A 2008 study conducted by US university professors suggested there was a high probability Osama Bin Laden had taken refuge in the town where he was ultimately killed by US operatives on Sunday.
The model employed in the study, which is typically used to track endangered species, said there was a 88.9% chance he was in Abbottabad in Pakistan.
But geographer Thomas Gillespie at UCLA said the same study gave a 95% chance he was in another town, Parachinar.
The findings were published in 2009.
Mr Gillespie, whose expertise is in using remote sensing data from satellites to study ecosystems, initially conducted the study with undergraduate geography students as an exercise in 2008 and submitted its findings to the MIT International Review in 2009.
The probabilistic model used in the study pinpointed Parachinar, which is roughly 300km (186 miles) from Abbottabad, as having a 95% likelihood of being the town where Bin Laden was hiding out.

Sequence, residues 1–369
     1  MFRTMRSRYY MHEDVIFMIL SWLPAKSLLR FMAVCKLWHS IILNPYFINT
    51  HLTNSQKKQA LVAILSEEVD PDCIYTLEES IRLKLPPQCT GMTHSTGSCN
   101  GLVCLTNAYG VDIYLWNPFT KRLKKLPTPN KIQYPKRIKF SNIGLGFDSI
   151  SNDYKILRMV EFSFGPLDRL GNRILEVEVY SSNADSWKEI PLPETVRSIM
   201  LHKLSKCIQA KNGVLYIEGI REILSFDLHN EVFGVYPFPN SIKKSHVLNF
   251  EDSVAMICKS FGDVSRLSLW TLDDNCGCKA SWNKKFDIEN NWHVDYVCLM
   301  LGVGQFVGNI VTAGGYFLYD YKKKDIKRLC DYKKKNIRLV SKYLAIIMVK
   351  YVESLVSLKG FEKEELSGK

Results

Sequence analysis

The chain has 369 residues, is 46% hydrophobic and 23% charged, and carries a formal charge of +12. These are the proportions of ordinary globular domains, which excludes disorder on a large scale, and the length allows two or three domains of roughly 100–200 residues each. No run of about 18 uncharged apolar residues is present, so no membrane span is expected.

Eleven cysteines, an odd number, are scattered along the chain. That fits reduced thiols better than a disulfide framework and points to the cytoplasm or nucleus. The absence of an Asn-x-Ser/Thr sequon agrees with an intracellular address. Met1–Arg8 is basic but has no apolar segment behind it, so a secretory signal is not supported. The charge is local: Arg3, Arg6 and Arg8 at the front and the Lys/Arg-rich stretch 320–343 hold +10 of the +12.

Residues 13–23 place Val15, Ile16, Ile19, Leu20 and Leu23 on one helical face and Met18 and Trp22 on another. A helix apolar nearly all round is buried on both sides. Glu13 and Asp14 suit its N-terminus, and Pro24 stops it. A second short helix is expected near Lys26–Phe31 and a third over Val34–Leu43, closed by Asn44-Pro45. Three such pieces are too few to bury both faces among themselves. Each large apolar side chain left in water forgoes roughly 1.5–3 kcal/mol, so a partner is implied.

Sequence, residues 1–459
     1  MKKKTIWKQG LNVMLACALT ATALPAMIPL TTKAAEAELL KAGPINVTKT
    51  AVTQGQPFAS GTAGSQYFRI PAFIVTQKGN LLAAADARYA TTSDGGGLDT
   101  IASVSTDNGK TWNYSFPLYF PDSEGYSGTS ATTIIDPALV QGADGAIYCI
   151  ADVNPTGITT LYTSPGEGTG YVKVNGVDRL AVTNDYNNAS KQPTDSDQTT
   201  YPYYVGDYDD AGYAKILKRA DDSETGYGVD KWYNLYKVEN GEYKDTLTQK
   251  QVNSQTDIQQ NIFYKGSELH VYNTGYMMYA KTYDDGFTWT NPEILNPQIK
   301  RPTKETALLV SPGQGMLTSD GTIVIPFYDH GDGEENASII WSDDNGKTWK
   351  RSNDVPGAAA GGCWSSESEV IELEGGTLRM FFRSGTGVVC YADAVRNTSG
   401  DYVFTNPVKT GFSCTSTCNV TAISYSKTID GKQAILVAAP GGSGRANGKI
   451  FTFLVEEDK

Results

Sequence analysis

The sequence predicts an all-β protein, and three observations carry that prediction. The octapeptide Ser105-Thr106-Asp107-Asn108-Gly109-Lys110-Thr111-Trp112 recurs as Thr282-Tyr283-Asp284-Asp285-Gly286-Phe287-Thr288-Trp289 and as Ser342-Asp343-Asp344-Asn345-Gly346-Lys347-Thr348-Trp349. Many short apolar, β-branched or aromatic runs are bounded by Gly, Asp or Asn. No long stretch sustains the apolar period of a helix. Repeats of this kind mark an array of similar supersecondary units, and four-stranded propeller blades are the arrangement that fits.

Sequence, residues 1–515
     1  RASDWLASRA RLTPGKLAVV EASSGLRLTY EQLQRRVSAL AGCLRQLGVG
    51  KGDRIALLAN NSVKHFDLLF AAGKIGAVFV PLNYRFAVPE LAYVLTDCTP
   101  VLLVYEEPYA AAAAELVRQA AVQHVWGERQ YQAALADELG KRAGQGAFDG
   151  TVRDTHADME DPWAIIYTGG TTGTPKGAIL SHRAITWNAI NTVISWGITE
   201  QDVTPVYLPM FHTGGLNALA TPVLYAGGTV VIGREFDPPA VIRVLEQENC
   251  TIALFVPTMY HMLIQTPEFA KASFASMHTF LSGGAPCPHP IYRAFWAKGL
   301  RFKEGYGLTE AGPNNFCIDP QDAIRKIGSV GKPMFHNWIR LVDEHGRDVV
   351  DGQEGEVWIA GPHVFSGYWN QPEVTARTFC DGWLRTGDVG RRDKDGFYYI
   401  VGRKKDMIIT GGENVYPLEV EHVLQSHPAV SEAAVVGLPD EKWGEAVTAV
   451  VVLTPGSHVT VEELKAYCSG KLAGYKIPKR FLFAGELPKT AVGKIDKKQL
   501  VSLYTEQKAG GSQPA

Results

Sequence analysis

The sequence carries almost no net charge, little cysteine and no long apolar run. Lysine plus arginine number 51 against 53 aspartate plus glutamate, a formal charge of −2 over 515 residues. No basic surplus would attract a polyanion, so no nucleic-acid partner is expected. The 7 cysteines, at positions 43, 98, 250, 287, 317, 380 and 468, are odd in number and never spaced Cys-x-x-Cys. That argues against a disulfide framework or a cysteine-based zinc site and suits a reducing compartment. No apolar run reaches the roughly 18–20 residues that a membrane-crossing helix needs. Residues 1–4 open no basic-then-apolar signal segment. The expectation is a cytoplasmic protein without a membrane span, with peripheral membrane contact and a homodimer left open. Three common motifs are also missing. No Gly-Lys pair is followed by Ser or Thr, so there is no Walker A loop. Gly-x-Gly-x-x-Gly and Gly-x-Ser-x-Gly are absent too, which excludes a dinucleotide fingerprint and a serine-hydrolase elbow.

Mr Gillespie and his students took the findings and then zeroed in on Parachinar because it also had access to medical care.
But the study also gave Abbottabad, where Bin Laden was shot and killed on Sunday by US forces, an 88.9% of being the al-Qaeda leader's hide-out.
The model, which Mr Gillespie typically uses in his work to track endangered species, suggested Bin Laden was probably residing in a city compound, rather than in a cave in a rural environment, because people in less densely populated regions would be more likely to take the time to notice him, the university professor told the BBC.
Using the study, Mr Gillespie and his students then surmised that the compound would have security, such as high walls around its perimeter, and an electricity supply, both of which were found at the site of Bin Laden's residence in Pakistan.